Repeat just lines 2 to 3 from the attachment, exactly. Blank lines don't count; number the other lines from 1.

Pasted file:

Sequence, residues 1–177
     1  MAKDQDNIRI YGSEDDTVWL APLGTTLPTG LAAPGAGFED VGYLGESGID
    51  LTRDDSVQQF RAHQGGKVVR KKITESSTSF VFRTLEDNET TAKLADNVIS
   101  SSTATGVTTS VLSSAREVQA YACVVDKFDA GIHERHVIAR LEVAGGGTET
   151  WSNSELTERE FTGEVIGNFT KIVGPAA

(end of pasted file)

     1  MAKDQDNIRI YGSEDDTVWL APLGTTLPTG LAAPGAGFED VGYLGESGID
    51  LTRDDSVQQF RAHQGGKVVR KKITESSTSF VFRTLEDNET TAKLADNVIS